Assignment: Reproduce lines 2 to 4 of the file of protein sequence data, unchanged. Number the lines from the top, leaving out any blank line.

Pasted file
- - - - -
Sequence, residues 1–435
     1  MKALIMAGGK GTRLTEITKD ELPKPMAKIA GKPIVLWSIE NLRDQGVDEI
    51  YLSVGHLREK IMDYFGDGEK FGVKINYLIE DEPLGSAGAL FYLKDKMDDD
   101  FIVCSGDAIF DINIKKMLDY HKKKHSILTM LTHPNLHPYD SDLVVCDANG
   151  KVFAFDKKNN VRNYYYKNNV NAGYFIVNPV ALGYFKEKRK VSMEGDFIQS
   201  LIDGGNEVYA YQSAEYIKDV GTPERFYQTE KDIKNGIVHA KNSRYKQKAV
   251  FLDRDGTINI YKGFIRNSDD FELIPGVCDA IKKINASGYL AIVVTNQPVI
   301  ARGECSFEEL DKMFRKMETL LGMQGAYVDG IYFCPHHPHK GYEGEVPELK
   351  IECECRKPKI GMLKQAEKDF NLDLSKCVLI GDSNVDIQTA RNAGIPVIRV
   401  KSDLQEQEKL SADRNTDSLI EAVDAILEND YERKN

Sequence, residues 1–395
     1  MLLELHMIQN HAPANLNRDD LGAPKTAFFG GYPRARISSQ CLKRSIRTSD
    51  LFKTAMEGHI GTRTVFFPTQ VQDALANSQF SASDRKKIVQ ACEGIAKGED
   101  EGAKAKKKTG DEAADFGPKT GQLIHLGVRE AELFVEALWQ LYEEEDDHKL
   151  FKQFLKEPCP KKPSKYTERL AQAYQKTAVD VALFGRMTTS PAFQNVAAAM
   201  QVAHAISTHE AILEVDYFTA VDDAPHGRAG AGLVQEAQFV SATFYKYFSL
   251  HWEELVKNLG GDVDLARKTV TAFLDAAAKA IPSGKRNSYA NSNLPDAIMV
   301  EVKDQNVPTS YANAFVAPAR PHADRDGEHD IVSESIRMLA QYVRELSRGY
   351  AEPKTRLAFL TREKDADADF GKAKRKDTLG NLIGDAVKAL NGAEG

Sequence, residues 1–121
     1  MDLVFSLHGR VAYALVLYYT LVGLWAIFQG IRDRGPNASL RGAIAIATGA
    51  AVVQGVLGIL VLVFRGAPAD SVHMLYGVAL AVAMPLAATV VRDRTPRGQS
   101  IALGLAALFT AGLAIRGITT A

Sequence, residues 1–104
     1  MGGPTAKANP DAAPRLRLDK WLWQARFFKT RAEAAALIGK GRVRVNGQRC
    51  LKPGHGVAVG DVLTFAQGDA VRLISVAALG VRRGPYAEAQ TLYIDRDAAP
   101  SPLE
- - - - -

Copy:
     1  MKALIMAGGK GTRLTEITKD ELPKPMAKIA GKPIVLWSIE NLRDQGVDEI
    51  YLSVGHLREK IMDYFGDGEK FGVKINYLIE DEPLGSAGAL FYLKDKMDDD
   101  FIVCSGDAIF DINIKKMLDY HKKKHSILTM LTHPNLHPYD SDLVVCDANG